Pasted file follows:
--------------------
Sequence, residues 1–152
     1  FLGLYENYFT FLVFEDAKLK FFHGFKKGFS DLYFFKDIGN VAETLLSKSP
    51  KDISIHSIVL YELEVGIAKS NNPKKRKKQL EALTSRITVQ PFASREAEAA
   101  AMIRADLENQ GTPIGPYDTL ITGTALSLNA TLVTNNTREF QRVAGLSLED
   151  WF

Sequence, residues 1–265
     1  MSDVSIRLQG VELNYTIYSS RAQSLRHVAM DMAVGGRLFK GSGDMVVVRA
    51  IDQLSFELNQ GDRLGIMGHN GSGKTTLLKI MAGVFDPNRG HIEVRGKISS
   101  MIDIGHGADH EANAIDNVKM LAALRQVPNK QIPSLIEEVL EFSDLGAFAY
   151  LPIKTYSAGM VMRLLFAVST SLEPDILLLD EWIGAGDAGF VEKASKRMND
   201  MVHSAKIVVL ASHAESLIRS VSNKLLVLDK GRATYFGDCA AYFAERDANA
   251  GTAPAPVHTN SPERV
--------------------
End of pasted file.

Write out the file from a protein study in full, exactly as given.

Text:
Sequence, residues 1–152
     1  FLGLYENYFT FLVFEDAKLK FFHGFKKGFS DLYFFKDIGN VAETLLSKSP
    51  KDISIHSIVL YELEVGIAKS NNPKKRKKQL EALTSRITVQ PFASREAEAA
   101  AMIRADLENQ GTPIGPYDTL ITGTALSLNA TLVTNNTREF QRVAGLSLED
   151  WF

Sequence, residues 1–265
     1  MSDVSIRLQG VELNYTIYSS RAQSLRHVAM DMAVGGRLFK GSGDMVVVRA
    51  IDQLSFELNQ GDRLGIMGHN GSGKTTLLKI MAGVFDPNRG HIEVRGKISS
   101  MIDIGHGADH EANAIDNVKM LAALRQVPNK QIPSLIEEVL EFSDLGAFAY
   151  LPIKTYSAGM VMRLLFAVST SLEPDILLLD EWIGAGDAGF VEKASKRMND
   201  MVHSAKIVVL ASHAESLIRS VSNKLLVLDK GRATYFGDCA AYFAERDANA
   251  GTAPAPVHTN SPERV